2. Do you have any recommendations regarding mobile phones? Did you keep your home-country plan or use a local provider?
Plenty of coverage. Data networks (3G, etc) are limited so dont expect to breaking out your iphone and using all your apps all the time.
1. Are qualified veterinarians and/or good kennel services available? Do animals need to be quarantined upon entry to the country? Are there other considerations regarding pets that are particular to this country?
No. USDA health certificate, and that is mainly to get out of CONUS with the dogs. When we arrived our paperwork wasn't even looked at.
2. Quality pet care available (vets & kennels)?
NO. There are vets available, but most of them are NOT good care, and it is nothing like in the States, no matter how the vet's office looks and feels like a vet back home. There is a kennel, though, and the owners are great people. That said, any time we travel we have our maid stay to watch the dogs. It's worth the money in my book. Dogs are generally not welcome here, and we always get looks, harassing comments, etc., any time we walk the dogs or have them in the car. Or we scare people -- there is a great cultural fear of dogs here.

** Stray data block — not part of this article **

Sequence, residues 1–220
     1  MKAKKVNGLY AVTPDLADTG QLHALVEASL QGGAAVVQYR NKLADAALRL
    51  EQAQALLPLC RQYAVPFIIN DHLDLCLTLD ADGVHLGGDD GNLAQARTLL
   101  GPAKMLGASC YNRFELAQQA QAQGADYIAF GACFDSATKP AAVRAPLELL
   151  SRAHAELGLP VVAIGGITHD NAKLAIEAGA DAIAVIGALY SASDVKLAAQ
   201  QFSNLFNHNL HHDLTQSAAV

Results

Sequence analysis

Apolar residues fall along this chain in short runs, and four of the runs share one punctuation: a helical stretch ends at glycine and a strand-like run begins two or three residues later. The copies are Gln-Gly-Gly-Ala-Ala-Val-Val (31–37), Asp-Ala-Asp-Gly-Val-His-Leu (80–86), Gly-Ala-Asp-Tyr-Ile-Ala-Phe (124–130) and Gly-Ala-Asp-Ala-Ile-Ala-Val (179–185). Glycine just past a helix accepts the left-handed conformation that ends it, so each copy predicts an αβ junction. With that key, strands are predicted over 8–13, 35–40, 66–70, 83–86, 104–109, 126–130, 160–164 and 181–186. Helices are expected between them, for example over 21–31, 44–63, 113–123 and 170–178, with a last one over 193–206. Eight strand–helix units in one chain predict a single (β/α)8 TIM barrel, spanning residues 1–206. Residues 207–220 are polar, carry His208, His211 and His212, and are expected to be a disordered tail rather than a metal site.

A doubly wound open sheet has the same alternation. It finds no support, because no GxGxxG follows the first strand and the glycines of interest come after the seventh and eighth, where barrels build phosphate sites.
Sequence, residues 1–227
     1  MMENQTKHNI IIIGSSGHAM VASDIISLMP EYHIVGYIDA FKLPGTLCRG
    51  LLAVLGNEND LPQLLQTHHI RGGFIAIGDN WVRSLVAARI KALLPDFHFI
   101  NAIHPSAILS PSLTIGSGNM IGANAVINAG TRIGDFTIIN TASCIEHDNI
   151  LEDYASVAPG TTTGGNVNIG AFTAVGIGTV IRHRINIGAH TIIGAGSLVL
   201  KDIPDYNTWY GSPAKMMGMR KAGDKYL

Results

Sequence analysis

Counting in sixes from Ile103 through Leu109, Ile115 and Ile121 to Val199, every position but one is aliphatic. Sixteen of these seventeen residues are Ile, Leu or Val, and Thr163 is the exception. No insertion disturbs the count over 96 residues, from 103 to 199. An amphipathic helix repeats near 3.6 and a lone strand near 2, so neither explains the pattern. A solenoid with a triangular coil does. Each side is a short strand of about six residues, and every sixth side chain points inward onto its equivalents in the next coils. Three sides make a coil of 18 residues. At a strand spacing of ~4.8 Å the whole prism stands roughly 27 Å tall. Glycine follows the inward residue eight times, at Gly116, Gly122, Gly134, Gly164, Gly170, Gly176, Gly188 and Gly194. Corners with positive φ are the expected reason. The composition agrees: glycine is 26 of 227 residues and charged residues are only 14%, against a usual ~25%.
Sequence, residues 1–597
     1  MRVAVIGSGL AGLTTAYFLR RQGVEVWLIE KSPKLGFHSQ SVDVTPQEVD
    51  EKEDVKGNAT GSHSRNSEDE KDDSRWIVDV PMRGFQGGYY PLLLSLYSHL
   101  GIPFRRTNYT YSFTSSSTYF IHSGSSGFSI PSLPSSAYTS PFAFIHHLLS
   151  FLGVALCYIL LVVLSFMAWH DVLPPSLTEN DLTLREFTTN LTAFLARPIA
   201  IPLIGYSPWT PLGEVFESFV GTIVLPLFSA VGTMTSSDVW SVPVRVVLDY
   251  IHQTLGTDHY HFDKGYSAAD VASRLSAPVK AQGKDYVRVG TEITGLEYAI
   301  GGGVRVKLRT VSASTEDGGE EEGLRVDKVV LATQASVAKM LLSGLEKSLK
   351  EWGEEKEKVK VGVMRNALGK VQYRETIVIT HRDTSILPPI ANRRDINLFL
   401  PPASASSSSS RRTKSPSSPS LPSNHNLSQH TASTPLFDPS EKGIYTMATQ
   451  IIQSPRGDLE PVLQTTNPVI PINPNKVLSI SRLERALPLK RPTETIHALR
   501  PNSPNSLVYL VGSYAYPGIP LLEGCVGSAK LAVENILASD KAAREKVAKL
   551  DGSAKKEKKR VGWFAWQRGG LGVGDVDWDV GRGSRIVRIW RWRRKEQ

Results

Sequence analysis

Employment & Volunteer Opportunities:
1. What types of jobs do most expatriate spouses/partners have? Locally based or telecommuting? Full-time or part-time? Can you comment on local salary scales?
2. What is the typical dress code at work and in public places? Is formal dress ever required?
Standard embassy-type stuff at work. Out in public I'd recommend modesty. I get lots of looks if I have to run errands in shorts after I hit the gym, and my wife would never do that. Not worth the looks and the odd harassing comment. The weather is comfortable enough, even in summer jeans/long pants during the day aren't that big a deal.
Health & Safety:
1. Are there personal security concerns to be aware of at this post? Please describe.
Terrorism is a concern but not overwhelming. Amman is generally a safe place, except for driving, but that is not a security concern per se.
2. Are there any particular health concerns? What is the quality of available medical care? What medical conditions typically require medical evacuation?